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Last week my fellow blogger Scott Burnett took me down memory lane with his playful jab at the internal recruitment market. Once upon a time, The Rice Whiteboard was a hot bed of scandalous opinion, hearsay, and on occasion, facts. Perhaps of late, and with age, we’ve become slightly toothless, so it was lovely to see a number of people with their kickers in a twist/panties in a bunch (delete depending on geography) in the comments section. It was my buddy Will Brown who suggested that I should write a counter argument defending the fun and frolics that can be had in the market that I serve – which is of course that of Internal Recruitment. So here’s the dilemma: Do I write today’s nonsense about the joys of internal recruitment, or do I double down? Well, hopefully the click-bait title should give you an idea of which way I’m heading.

Firstly, my credentials. Once upon a time, I was an internal recruiter for two of Europe’s most successful businesses. Since this time, I have placed more Internal Recruiters into internal recruitment functions than anyone else in New Zealand. I’ve also interviewed more internal recruiters than you – no matter who you are. This may sound impressive as I yell it to myself in the mirror each morning, but if we’re honest, I’m the only person stupid enough to serve such a tiny market in such a tiny country. This is therefore no boast. Just the sad reality of my recruitment life. Secondly, I don’t necessarily agree with every one of Papa Burnett’s points. I just agree with most of them, and also appreciate that there are a number of things that Internal Recruitment offers that Scott hasn’t even considered. And as someone working in Agency rec-to-rec, nor should he.

Like all good blogs, it did get me thinking however. And whilst trying to get a newborn to STFU, my mind landed on this point. Given that Agency recruitment is seen as a sales job staffed by sharks, agency recruiters do more actual consulting than their internal counterparts. Think about it for a moment; In agency land currently, a tech candidate can contact an IT recruitment firm and say “this is me, this is what I can do, this is what I like, and this is what I want”. The Recruiter can then use their expertise to represent this person to any number of appropriate firms. They can challenge the candidate’s thinking. They can educate the candidate on new players in the market. They can give market intel. They can actually consult. What happens when the same candidate contacts an internal recruiter? They either match a live vacancy and fit the culture, or they’re sent up the road. The internal recruiter doesn’t consult with them. And yes, I know someone in the comments will bang on about “talent pooling”. However, if someone isn’t right for your business you don’t help them. So please bear this in mind if you’re an agency recruiter looking to go inhouse to “help people”. I’ve done the job, and there were heaps of great candidates I could do bugger-all with.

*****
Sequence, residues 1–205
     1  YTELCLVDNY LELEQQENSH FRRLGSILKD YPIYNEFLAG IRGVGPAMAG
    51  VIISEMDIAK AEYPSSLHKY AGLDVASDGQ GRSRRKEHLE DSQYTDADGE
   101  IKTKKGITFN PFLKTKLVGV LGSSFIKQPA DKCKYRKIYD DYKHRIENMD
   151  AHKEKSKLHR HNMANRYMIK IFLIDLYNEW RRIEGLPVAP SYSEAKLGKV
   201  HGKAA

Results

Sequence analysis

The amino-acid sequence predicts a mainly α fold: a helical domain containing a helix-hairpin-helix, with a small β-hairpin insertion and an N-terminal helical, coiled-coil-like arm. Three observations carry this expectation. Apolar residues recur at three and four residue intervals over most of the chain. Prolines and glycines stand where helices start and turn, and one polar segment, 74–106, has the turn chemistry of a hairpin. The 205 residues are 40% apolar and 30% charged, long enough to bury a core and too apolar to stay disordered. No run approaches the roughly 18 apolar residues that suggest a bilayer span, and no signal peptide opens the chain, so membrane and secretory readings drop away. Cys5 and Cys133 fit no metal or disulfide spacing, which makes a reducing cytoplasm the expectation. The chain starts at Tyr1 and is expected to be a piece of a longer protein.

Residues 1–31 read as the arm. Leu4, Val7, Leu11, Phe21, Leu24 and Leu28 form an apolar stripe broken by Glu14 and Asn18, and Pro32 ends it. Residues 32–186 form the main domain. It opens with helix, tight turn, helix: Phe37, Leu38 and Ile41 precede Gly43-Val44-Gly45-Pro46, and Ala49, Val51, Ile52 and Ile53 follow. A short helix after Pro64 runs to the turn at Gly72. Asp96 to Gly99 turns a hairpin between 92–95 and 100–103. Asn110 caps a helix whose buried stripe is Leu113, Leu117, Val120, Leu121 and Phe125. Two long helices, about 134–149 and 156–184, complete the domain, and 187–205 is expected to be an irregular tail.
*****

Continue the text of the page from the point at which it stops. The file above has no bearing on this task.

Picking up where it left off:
And then there’s point number 2 that arrived in my brain courtesy of a 4am feed. Agency Recruiters are more inclusive in those who they help secure employment for. I for example could never work for Air New Zealand or Kiwi Rail. Not because I don’t think them fine businesses, it’s just they operate dry sites and I do love a quick pint at lunchtime. The internal recruitment functions at the above cannot help people like me. The agency down the road can. They’ll have me out interviewing with the booziest mob in town before I’ve even corrected the typos in my CV. We talk too much about “good” and “bad” culture, when the truth is – there is only culture. And that culture is either right or wrong for you. Internal Recruiters are good at identifying those who fit the mould that their hiring managers want. The rest can jog on.

And then there’s candidate care. I know of many Internal Recruiters working on 60+ vacancies currently. If each vacancy receives 10 applicants, how much candidate care can you give? Yes, your ATS can send a pithy rejection, but this isn’t “care”. That’s like having an AI girlfriend and shagging a anime-shaped pillow and calling it “love”. Or so I’ve heard. If Recruiters are intrinsically crap at giving feedback, surely we’re more likely to get it from someone working 6 roles instead of 60? And given that agency recruiters can actually generate revenue from rejected candidates, I wouldn’t be surprised if more rejected agency candidates got a phone call than those who apply via an internal recruitment function. I could be wrong of course. Quite simply, if your a recruiter on either side of the fence working on more than 20 vacancies, you’re going to be giving a shit service to someone – be it client or candidate, and that’s not being a consultant.

So when do internal recruiters act like Recruitment Consultants? Well, it is true that they do consult with hiring managers as to the best approach to take to fill a vacancy. And they consult when a hiring manager is about to reject someone who is actually really good. They also should consult on how to run a good recruitment process – although evidence suggests they’re rarely listened to. However, this is only part of the consulting services offered by their agency counterparts. And this is perhaps why we now see the more accurate term of “Talent Acquisition Consultant” (a term I also dislike FWIW, but that’s for another blog) used instead of the out of date “Internal Recruitment Consultant” misnomer. And this is where the value of an internal recruiter lies. Good internal recruiters need to be masters at sourcing, fantastic at running campaigns, superb at selection, great at selling a role and a business, and have the balls to win over, challenge, or rein in stubborn hiring managers. And, unmentioned in Scott’s blog, this can be fantastically worthy, fun, challenging, rewarding, and well-rewarded work.